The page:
"A river and an island"

Translation:En å och en ö

November 27, 2014

15 Comments
This discussion is locked.


https://www.duolingo.com/profile/RikSha

Nice sentence :D


https://www.duolingo.com/profile/samulili

This reminds me of the time when Swedes and Finns had an argument which one had a more beautiful language. It was decided that the dispute would be but in front of an international jury. The jury made a sentence in English and then they would hear it in Finnish and Swedish.

The sentence was a poetic one: "Island, island, grassy island; grassy island's maiden."

The Finnish person stepped forward and said in a clear and proud voice: Saari, saari, heinäsaari; heinäsaaren morsian. (Google doesn't quite do it justice but you can listen to the sentence here: https://translate.google.com/#fi/en/Saari%20saari%20hein%C3%A4saari%3B%20hein%C3%A4saaren%20morsian.)

After that it was the Swede's turn. And the jury got to hear this: Ö ö, hö-ö; hö-öns mö. The result is not in yet because the jury has still not stopped laughing.


https://www.duolingo.com/profile/AlinaIvano6

Yeah but I need to hear also the Swedish version :)


https://www.duolingo.com/profile/Metlieb

Absolutely evil for listening exercises.


https://www.duolingo.com/profile/LenaStorli

Provincial language: "Å i åa ä e ö" (And in the river there is an island)


https://www.duolingo.com/profile/lietje53

why is 'ett älv och en ö' not accepted? Ett älv means a river, right?


https://www.duolingo.com/profile/devalanteriel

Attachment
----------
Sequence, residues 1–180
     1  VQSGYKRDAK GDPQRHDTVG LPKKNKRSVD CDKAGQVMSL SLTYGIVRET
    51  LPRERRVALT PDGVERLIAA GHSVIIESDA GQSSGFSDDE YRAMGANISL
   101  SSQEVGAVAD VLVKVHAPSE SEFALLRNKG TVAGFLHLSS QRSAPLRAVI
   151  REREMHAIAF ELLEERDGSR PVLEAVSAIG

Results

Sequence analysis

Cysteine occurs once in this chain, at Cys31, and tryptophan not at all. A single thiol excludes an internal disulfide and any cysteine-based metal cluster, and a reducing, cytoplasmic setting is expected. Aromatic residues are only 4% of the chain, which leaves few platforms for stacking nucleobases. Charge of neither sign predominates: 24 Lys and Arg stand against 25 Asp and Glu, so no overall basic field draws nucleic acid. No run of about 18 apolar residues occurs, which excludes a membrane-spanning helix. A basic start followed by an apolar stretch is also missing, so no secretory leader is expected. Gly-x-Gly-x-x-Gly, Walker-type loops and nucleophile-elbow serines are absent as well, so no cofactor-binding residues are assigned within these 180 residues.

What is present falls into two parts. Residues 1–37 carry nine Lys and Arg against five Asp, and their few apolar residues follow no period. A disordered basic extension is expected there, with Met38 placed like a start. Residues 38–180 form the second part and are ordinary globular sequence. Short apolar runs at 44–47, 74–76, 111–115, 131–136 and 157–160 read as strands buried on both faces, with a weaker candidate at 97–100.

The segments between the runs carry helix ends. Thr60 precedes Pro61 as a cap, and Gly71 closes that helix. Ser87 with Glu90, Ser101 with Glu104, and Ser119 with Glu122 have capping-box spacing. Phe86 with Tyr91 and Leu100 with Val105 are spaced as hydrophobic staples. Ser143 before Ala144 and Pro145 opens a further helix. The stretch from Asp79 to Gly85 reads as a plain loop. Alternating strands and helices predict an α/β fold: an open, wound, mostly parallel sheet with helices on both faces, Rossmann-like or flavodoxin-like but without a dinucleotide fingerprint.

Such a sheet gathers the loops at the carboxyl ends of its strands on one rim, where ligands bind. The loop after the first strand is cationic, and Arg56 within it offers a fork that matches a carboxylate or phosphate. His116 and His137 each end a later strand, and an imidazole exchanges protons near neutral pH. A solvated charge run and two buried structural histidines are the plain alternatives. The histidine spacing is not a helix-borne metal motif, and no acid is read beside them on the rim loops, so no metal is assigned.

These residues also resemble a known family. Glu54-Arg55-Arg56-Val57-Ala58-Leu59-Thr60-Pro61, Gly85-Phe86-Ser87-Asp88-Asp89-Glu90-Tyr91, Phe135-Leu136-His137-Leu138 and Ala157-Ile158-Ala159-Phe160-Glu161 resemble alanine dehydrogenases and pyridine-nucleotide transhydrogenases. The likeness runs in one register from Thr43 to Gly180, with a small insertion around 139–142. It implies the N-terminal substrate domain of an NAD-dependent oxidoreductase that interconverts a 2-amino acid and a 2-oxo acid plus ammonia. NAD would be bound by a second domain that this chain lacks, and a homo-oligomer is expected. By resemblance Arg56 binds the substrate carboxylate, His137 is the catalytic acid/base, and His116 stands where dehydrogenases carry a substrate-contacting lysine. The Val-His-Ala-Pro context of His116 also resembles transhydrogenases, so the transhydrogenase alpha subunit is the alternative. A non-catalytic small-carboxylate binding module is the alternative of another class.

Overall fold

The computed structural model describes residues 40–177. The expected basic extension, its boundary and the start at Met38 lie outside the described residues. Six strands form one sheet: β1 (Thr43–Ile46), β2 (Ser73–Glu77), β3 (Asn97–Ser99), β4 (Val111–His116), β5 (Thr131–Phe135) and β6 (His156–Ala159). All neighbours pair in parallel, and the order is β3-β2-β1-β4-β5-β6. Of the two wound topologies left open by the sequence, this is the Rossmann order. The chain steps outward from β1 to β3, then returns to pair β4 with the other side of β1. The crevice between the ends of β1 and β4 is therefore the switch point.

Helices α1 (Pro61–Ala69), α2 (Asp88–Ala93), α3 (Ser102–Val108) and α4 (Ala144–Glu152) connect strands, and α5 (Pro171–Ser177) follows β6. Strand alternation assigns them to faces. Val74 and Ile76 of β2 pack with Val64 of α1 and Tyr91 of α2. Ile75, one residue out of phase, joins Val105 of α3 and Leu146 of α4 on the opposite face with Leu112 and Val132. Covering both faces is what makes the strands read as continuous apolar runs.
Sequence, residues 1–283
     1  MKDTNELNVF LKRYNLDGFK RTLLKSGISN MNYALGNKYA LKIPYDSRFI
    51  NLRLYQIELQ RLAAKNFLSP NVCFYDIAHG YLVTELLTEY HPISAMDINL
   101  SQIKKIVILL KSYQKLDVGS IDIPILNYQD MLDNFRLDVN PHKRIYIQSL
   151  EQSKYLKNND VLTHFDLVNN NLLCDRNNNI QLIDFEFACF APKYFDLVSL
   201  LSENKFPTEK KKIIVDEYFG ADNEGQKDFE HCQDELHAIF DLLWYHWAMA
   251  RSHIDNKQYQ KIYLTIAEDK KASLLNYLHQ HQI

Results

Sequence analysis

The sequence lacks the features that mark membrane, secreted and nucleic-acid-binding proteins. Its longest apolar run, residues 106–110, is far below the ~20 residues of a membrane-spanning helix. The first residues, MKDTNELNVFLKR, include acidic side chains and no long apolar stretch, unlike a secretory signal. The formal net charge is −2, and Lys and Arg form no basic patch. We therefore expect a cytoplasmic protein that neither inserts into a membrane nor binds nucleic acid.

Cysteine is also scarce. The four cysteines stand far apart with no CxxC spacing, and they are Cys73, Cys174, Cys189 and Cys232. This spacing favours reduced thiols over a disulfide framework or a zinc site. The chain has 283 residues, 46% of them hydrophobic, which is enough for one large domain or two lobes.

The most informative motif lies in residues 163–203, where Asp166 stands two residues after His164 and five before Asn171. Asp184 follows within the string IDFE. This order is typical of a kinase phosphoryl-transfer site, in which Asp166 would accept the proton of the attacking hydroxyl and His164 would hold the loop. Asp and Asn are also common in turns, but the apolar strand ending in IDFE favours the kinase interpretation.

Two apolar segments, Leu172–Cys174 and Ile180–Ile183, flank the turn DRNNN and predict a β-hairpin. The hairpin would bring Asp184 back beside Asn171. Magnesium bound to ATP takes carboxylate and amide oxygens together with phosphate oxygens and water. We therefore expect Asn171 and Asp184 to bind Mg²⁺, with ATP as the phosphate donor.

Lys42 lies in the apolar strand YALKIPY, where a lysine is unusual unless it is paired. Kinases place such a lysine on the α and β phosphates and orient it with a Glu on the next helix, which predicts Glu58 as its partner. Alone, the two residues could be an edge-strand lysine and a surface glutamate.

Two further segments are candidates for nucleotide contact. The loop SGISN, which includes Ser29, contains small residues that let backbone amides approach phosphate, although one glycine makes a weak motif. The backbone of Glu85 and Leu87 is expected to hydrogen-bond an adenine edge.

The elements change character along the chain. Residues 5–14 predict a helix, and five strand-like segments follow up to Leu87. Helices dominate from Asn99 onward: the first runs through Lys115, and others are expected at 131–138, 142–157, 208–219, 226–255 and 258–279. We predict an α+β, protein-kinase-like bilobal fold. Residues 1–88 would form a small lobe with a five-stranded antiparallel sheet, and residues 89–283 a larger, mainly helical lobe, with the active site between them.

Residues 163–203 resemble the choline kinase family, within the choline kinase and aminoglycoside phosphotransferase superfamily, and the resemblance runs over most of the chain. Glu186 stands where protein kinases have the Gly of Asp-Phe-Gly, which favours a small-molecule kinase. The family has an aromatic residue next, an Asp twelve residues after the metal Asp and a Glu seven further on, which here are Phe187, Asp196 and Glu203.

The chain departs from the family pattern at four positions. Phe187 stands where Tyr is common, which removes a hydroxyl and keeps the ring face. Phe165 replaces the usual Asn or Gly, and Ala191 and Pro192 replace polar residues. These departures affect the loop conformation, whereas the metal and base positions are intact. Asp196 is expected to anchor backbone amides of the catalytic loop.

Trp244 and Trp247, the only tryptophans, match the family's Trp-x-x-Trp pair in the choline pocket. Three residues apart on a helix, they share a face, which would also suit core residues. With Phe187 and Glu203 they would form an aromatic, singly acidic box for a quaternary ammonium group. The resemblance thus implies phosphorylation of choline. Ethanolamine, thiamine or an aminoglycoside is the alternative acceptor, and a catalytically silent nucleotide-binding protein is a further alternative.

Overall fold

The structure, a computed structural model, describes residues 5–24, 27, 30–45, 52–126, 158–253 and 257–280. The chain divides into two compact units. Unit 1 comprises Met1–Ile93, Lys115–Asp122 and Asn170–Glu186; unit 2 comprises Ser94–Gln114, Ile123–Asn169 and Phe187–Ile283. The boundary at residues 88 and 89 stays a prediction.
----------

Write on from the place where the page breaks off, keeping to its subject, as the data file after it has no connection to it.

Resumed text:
Sure, but it's en älv, not ett. :)


https://www.duolingo.com/profile/Peter147810

I en å är en ö All your dotted letters in a simple sentence


https://www.duolingo.com/profile/Dieter37241

What is the difference between "å ", "flod" and "älv"?


https://www.duolingo.com/profile/devalanteriel

Size and custom, mostly. An å is smaller than the others. A flod is generally more of an umbrella term - it's very common to describe waters, but rare in actual names of (Swedish) rivers. An älv is typically a river with rapids in the northern half of Sweden.


https://www.duolingo.com/profile/Dieter37241

Tack för ditt svar. Does it makes sense to consider it like in German it will be: å - Bach; flod - Strom (Wasserstrom); älv - Fluss?


https://www.duolingo.com/profile/devalanteriel

I would be very cautious in making direct comparisons with German. There are just so many exceptions - and we have words like bäck and ström as well. And then there are differences within both Swedish and Germany, particularly when it comes to dialects or very old names (which brooks and rivers tend to have).


https://www.duolingo.com/profile/Dieter37241

In Germany there is also the word "Aa" which means a little creek, it could maybe be the same as "å"? "Bach" is almost the same as "Aa", used in different regions. There is also the word "Strom". If you are not living there (I mean it also for Sweden) it is pretty difficult to understand the exacltly meaning and the differences.


https://www.duolingo.com/profile/devalanteriel

Yes, I know. I'm half German and I understand both the language (and Platt), so my cautiousness is based on what I know from experience. :)

Learn Swedish in just 5 minutes a day. For free.